Schizophrenia (SZ), bipolar disorder (BP) and schizoaffective disorder (SAD) share some common symptoms, and there is still a debate about whether SAD is an independent category. To the best of our knowledge, no study has been done to differentiate these three disorders or to investigate the distinction of SAD as an independent category using fMRI data. This study is aimed to explore biomarkers from resting-state fMRI networks for differentiating these disorders and investigate the relationship among these disorders based on fMRI networks with an emphasis on SAD. Firstly, a novel group ICA method, group information guided independent component analysis (GIG-ICA), was applied to extract subject-specific brain networks from fMRI data of 20 healthy controls (HC), 20 SZ patients, 20 BP patients, 20 patients suffering from SAD with manic episodes (SADM), and 13 patients suffering from SAD with depressive episodes exclusively (SADD). Then, five-level one-way analysis of covariance and multiclass support vector machine recursive feature elimination were employed to identify discriminative regions from the networks. Subsequently, the t-distributed stochastic neighbor embedding (t-SNE) projection and the hierarchical clustering were implemented to investigate the relationship among those groups. Finally, to evaluate the generalization ability, 16 new subjects were classified based on the found regions and the trained model using original 93 subjects. Results show that the discriminative regions mainly included frontal, parietal, precuneus, cingulate, supplementary motor, cerebellar, insula and supramarginal cortices, which performed well in distinguishing different groups. SADM and SADD were the most similar to each other, although SADD had greater similarity to SZ compared to other groups, which indicates that SAD may be an independent category. BP was closer to HC compared with other psychotic disorders. In summary, resting-state fMRI brain networks extracted via GIG-ICA provide a promising potential to differentiate SZ, BP, and SAD.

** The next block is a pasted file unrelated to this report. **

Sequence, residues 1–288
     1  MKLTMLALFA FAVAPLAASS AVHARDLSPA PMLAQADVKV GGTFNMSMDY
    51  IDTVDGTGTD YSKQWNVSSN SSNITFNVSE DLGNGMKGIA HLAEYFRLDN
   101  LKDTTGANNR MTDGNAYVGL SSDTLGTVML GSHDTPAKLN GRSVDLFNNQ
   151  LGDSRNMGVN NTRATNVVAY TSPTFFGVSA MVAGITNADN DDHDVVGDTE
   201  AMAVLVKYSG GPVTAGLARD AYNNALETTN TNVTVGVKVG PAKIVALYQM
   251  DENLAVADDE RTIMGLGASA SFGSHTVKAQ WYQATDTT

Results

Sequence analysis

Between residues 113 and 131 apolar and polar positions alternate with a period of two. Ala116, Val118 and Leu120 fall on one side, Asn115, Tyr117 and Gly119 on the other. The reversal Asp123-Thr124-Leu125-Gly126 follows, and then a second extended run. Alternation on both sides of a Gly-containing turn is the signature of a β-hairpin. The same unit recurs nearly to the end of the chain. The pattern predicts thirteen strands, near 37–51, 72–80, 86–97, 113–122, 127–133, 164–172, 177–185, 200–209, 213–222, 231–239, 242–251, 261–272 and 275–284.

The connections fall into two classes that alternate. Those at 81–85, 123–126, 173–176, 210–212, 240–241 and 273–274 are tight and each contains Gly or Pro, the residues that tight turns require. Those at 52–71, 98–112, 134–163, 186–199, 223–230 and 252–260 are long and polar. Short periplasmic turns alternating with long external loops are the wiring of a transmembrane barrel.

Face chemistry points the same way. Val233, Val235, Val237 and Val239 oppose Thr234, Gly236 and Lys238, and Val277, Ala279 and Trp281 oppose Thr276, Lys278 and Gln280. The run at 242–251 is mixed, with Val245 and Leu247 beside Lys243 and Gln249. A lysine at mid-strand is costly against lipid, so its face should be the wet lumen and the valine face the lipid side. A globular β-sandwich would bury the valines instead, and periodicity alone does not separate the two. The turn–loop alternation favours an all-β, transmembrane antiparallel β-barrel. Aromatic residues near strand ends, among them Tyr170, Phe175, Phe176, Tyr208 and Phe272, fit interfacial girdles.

- Bipolar disorder
- Functional magnetic resonance imaging
- Independent component analysis
- Resting-state brain intrinsic networks
- Schizoaffective disorder
ASJC Scopus subject areas
- Cognitive Neuroscience